February 9, 2006
Tifton -- It's not your imagination. The popularity of video games continues to increase from year-to- year. An industry study in 2005 estimates that three fourths of us play some kind of video game, with the average age of players rising from pre-teen to 30 years of age now.
The video game craze knows no age limit. All you need are fast fingers and fast eyes and time on your hands.
Ella Marchant has all three, a grandma-playing video game lover, who enjoys pressing the buttons two hours a day. "I enjoy it anytime," says Ella, sitting in a recliner playing Dr. Mario to relax mentally.
"My hands stay busy to stay out of trouble," says Ella, somewhat tongue-in-cheek. Those same fingers that eagerly press buttons on a game controller teach nine-and-ten-year-olds a centuries old style of sewing known as embroidery.
"Who's next?" asks Ella, as four students stand around her to ask questions. "See here baby," says Ella to a young boy who has difficulty tieing a string after sewing part of a fence scene.
Ella Marchant is an encouraging teacher who donates her time every Friday, and insists on them making their own decisions. "It's your choice, not mine," says Ella in a kindly tone of voice about the color of thread to use. "You know how to start here?" asks Ella.
"Yes, ma'am," says the student about beginning a new section Ella Marchant considers every child her grandchild. "All I've ever met have been grandchildren to me," says Ella, a role model 80 years young, who seems to love every minute of it.
Ella frequently includes gentle words of encouragement spoken quietly to one of her students. "You're doing a good job on that tree," says Ella to a young girl. She takes advantage of teachable moments to pass along bits of worldly wisdom she learned in the school of hard knocks.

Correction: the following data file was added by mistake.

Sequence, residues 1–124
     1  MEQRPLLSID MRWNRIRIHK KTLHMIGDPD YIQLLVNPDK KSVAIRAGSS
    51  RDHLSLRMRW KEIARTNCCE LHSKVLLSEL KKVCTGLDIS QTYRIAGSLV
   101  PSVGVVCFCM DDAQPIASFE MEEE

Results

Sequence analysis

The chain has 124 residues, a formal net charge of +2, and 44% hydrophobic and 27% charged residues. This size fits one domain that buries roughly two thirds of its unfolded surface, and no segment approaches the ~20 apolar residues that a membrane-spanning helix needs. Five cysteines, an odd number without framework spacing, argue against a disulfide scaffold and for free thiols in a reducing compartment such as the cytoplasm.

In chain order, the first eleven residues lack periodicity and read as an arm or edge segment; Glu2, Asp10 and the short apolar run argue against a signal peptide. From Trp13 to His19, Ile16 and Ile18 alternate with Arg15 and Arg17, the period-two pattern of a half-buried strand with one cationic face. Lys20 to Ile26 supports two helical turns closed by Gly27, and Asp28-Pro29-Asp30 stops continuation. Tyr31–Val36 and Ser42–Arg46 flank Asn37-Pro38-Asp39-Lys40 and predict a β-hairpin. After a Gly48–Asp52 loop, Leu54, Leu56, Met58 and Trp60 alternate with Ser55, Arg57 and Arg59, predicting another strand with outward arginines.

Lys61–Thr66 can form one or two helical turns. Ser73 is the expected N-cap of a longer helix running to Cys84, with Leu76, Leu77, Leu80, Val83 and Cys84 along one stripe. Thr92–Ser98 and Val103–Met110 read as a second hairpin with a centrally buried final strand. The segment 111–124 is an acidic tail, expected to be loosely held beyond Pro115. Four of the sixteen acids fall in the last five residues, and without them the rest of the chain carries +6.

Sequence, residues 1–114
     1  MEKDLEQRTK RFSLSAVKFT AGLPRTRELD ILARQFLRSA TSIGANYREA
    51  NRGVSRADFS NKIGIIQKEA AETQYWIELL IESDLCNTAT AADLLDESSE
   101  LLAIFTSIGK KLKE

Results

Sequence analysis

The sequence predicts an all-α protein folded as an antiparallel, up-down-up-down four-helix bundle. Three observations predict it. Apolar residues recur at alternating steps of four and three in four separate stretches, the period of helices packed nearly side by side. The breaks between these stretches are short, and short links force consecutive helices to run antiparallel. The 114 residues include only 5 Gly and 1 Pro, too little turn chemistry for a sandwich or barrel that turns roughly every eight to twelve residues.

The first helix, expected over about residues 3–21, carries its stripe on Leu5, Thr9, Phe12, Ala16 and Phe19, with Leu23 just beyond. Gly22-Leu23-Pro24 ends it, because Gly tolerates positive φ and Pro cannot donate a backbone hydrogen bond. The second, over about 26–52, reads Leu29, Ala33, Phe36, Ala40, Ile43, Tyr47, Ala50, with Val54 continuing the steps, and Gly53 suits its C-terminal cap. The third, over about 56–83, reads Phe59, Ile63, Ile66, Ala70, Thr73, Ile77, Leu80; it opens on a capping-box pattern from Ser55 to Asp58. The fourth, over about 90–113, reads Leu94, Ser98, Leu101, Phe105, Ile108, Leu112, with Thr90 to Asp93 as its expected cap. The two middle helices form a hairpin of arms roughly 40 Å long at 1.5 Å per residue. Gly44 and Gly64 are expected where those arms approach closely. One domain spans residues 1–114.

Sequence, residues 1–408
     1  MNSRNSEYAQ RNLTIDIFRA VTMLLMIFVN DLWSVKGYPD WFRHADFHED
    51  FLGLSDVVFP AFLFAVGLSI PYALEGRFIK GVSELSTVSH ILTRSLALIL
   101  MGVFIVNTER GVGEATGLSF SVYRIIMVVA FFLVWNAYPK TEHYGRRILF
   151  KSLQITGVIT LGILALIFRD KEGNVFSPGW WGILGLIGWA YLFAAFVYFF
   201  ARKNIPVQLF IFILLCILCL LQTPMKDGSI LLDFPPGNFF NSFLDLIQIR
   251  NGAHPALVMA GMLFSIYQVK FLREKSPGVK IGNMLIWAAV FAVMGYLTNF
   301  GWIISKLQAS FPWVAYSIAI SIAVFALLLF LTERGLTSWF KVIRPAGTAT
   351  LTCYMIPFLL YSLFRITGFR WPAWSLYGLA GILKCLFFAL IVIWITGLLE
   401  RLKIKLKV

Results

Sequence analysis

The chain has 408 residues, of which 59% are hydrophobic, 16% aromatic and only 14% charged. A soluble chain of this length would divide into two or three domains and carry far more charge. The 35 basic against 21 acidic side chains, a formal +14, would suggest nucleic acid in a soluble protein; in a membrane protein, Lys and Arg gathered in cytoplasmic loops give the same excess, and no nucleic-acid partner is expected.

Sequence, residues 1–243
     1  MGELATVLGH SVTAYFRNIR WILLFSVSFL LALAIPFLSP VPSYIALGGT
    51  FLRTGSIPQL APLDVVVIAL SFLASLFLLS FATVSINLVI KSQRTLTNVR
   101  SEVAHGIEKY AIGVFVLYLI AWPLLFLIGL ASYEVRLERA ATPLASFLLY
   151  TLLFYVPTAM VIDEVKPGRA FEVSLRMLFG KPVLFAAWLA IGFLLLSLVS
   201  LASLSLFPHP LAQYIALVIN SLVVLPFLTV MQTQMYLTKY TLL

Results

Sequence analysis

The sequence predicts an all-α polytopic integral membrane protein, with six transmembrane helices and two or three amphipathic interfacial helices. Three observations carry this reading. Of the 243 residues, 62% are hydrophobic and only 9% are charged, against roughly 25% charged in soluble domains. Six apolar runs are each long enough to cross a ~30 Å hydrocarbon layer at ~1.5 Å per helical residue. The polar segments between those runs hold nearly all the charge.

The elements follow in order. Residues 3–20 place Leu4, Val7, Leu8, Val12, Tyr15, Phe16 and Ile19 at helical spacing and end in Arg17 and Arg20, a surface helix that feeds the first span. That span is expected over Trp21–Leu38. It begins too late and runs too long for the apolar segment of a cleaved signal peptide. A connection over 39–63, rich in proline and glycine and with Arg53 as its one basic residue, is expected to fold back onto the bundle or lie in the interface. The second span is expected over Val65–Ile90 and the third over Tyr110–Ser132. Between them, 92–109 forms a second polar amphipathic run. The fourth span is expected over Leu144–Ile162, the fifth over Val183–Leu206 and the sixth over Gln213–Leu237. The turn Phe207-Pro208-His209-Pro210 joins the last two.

"Granny doesn't get mad. Don't do any good to get mad. It just makes you feel bad," says Ella to a student who thinks the teacher got mad about breaking thread. The young people love their time with her.
"It's fun to me," says Summer Bennett, as she pulls a brown thread through her creation. "Like painting with thread," says Sky Moore.
Ella Marchant finds a little kindness goes a long way for a long time. "Children will never forget if you're good to them and kind to them," says Ella.
The idea of teaching her students how to embroider was the brain child of their teacher, Jerrelle Baker, who sees positive changes. "Following directions and listening.
They can't get too much of that," says Ms. Baker And Ella Marchant can't get enough of them, either. "More pleasure than you can imagine," says Ella as she finishes a class.
"Good-bye Granny!" shouts the students as she leaves.
Besides teaching embroidery and playing video games, Ella Marchant makes dozens of pillows and scarves but never sells them. She gets a lot of joy out of giving them away.